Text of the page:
I am writing a book about a rock. Beats me how this happened — geology isn’t my forté. But my research into the Acasta River gneiss in the Northwest Territories, the oldest rock on the planet, has given me one surprise after another. This one fits with Canada Day.
I learned about a guitar called Voyageur made from different Canadian woods and from more than 60 Canadian artifacts. Out of concern that Quebec and Canada would separate, writer Jowi Taylor asked luthier George Rizsanyi to make a guitar.
Taylor believed that if we had a guitar that travelled the country making music and telling stories we’d have a better chance of sticking together. Voyageur made its debut in Ottawa on Canada Day in 2006 and it has been travelling across the country ever since.
On that guitar you’ll find Sudbury (Ont.) nickel, a slice of the Golden Spruce from Haida Gwaii, B.C. and a piece of an original seat from Toronto’s Massey Hall. There is mammoth ivory, a bit of Maurice “Rocket” Richard’s Stanley Cup ring and more. And, there’s a piece of Acasta gneiss outcrop. It’s over four billion years old. Makes you want to sing “O Canada” a bit louder, doesn’t it?
Also, artist Esther Bryan from Williamstown, Ont. has created another icon for Canadians. The Quilt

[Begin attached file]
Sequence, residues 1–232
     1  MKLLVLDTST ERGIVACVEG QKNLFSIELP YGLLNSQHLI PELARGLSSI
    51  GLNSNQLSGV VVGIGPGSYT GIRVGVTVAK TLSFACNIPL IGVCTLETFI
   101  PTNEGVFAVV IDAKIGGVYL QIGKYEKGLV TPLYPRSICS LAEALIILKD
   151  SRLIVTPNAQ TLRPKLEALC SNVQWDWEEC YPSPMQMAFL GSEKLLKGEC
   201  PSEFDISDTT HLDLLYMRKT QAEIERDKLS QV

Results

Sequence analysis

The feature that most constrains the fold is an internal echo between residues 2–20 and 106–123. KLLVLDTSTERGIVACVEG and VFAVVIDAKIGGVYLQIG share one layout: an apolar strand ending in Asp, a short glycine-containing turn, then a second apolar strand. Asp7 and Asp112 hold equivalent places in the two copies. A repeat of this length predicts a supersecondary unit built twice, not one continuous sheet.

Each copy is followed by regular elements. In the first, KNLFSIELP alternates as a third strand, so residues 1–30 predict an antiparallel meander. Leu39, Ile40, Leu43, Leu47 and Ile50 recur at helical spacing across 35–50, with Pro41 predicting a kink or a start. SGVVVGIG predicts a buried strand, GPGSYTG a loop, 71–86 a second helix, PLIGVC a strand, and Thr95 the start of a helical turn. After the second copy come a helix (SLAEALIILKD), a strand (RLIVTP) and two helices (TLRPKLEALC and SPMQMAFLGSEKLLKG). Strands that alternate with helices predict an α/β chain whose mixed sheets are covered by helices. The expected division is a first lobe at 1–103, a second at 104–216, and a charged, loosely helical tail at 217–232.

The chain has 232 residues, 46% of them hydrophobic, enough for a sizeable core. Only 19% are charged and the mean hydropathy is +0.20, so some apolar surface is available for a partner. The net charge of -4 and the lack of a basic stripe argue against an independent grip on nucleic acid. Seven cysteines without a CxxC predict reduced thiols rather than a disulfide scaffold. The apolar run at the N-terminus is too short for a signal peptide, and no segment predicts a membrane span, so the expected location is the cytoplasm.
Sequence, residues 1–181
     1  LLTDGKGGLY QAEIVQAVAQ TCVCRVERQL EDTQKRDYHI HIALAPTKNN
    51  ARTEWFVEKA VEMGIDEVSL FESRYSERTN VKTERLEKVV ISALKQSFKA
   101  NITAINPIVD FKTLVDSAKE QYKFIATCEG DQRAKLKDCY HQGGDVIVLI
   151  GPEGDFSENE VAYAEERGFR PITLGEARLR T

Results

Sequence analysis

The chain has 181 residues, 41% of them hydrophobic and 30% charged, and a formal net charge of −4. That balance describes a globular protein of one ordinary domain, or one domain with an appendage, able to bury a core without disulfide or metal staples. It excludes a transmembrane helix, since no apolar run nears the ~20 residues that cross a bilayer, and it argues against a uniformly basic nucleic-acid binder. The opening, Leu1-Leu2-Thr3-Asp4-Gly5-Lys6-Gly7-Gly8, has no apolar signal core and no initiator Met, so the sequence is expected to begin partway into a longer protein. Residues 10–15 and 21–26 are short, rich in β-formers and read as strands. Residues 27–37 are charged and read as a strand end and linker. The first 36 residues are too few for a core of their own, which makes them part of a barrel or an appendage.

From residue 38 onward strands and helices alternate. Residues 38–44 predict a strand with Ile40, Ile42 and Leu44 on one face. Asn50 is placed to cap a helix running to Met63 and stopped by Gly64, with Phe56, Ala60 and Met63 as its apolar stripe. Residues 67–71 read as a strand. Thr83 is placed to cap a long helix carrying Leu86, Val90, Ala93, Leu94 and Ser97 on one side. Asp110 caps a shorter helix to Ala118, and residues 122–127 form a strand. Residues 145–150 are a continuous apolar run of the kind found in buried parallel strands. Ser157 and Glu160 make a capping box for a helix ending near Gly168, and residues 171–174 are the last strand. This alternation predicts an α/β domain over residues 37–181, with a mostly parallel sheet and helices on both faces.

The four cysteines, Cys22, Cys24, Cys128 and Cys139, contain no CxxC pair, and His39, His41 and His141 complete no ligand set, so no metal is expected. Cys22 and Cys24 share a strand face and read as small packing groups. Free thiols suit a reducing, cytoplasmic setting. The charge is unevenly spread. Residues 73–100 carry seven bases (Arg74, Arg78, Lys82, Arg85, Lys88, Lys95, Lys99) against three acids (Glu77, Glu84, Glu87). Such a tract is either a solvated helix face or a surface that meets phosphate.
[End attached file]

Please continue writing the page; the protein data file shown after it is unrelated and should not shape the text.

of Belonging is a collaborative work by Canadians celebrating diversity. Like the guitar, it moves around. It’s been viewed by more than a million.
When Bryan thought about her family history — as many people do — she wondered about others. Everyone has family stories that, brought together, make us Canada. She wondered what Canada would look like in fabric. In April 2005, six years after the first stitch, she knew. Quilters from the three ocean shores surrounding Canada and everywhere in between sent their pieces to her, made with everything from sealskin to African mud cloth. That year the quilt was displayed at the Museum of Civilization.
And, if you’re in the Maritimes this summer, you could visit the Community Peace Centre
in Moncton, N.B. You’ll feel fantastic seeing what Rev. Dr. Jim MacDonald and a team at Central United Church dreamed into reality. I wish I’d been at their grand opening last week. The Centre brings together non-profits, government agencies, seniors, peace groups and environmental groups. We talk about transformation inside our churches; here it is.
Sure, I know we live in a country that just passed the “ominous omnibus bill” C-38, but cheer up. Take this trinity of creative Canadians into your heart when you celebrate July 1. Look for surprises. You might just find one, even under a rock. Happy birthday, us!
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